Tuesday, 20 January 2015

Clothes That Work

Of course you made a new year's resolution to spend less this year, or at least spend more wisely. It's a tradition, right? But during what is the most miserable, soul-destroying month of the year it's all to easy to see those good intentions wither. I'm a pretty careful spender most of the year but there's something about January - a month synonymous with self-denial, tax returns and crap weather - that renders me most vulnerable to the impulse purchase. The massive charity bag I've just filled with unloved, unworn stuff is testament to that - it's full of rash purchases, often bought in the January sales - and provides a useful reminder that sales shopping can prove a very false economy.

So this year I'll be avoiding the sales and buying only tried and tested items that truly work for me. The realisation has dawned that I often buy things for my fantasy 'self'. But it's pretty pointless buying a suitcase full of Ibiza-esque, boho kaftans if you're going to be taking your summer holidays on a campsite in Lake Garda, for example, and you'll most likely be spending your time at the kids disco, watching them do the Macarena, rather than floating about In Ibiza Town, supping cocktails and listening to Balearic House. Yes, it's important to buy stuff for the actual life you're living, I've realised..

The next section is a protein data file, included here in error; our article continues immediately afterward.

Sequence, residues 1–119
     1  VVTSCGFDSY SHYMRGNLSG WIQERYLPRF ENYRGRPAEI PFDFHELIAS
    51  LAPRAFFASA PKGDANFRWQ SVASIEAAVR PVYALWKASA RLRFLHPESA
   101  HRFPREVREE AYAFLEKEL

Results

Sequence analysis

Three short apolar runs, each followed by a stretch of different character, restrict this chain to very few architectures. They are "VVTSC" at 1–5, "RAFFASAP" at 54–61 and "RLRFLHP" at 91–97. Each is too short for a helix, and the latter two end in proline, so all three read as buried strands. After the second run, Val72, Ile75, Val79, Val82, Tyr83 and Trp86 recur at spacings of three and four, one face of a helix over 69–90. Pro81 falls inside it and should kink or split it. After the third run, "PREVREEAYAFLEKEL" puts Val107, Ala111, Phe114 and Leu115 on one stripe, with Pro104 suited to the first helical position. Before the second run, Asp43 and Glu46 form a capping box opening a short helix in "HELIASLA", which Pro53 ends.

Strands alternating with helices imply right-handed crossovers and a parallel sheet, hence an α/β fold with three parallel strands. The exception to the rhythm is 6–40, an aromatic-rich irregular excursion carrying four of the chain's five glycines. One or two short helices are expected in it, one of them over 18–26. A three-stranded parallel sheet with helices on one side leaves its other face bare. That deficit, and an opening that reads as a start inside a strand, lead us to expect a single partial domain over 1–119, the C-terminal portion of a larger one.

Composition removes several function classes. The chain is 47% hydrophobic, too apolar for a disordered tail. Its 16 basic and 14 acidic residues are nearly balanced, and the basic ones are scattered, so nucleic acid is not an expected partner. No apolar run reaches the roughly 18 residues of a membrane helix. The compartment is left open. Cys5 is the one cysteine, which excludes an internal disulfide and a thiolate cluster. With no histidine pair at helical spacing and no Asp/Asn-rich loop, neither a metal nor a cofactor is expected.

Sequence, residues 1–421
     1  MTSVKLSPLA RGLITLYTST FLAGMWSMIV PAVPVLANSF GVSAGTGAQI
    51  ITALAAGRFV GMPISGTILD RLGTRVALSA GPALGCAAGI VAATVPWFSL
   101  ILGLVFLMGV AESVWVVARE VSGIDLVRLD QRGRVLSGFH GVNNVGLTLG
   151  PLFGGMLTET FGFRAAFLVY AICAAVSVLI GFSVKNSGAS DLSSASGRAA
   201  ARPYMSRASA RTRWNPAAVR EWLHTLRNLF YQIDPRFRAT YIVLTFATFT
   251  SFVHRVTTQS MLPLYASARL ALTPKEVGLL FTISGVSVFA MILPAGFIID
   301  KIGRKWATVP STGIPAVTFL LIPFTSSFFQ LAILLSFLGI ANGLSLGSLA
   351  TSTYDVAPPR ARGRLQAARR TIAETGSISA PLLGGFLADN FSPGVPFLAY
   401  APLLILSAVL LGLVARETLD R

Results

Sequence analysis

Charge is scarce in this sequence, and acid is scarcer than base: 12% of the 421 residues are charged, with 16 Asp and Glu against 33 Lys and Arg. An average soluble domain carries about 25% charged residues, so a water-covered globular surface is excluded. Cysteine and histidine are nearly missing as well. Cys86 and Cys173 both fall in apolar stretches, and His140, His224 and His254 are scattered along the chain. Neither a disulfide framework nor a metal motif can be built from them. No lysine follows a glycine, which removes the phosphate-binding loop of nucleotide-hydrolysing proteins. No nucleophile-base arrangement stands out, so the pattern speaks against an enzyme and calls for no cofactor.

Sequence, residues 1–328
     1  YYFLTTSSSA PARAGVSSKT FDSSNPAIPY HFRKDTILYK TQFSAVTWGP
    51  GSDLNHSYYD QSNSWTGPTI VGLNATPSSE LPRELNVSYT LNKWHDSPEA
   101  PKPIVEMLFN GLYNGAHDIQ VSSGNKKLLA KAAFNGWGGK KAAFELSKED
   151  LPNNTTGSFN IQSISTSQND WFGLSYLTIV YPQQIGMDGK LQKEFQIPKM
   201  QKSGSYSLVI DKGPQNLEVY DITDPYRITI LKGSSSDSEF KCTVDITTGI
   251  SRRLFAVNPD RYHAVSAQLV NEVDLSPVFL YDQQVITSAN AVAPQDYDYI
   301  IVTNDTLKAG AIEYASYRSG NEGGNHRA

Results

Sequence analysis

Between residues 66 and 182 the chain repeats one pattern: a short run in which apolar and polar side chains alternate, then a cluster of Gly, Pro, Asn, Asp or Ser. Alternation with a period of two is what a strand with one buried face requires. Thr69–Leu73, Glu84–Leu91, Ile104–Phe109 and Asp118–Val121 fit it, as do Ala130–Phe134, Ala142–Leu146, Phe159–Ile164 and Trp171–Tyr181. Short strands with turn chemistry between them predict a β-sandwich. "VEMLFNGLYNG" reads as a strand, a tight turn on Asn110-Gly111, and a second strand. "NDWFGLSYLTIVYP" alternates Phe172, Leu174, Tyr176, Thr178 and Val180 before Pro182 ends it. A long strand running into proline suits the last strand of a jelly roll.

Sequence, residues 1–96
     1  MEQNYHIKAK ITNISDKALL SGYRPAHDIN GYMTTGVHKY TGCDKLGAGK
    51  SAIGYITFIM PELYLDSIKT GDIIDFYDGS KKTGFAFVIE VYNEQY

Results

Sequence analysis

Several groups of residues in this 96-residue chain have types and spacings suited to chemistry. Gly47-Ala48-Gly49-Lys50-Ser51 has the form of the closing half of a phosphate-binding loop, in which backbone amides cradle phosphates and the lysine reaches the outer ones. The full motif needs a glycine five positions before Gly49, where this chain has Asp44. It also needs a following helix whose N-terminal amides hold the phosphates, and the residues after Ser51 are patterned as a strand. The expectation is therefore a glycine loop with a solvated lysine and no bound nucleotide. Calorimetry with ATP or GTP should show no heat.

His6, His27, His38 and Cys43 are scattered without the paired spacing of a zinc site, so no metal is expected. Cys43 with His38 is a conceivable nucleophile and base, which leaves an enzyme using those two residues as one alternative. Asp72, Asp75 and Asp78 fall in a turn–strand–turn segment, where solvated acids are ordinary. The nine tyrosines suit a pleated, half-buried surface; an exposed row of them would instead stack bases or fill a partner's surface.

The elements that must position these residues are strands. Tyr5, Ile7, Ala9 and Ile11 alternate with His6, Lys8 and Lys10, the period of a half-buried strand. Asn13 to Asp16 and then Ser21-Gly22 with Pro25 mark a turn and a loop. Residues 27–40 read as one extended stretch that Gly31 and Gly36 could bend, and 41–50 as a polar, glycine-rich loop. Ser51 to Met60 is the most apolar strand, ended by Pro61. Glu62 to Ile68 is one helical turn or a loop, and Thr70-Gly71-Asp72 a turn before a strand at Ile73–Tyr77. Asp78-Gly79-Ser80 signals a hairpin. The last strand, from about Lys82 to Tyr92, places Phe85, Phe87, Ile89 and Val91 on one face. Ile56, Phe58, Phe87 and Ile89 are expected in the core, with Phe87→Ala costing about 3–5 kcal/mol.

So this post is a round-up of those tried-and-tested wardrobe staples that I reckon work for the average person's day-to-day life - things that make sound investments if you like fashion but don't like having cupboards full of expensive, unworn clothes...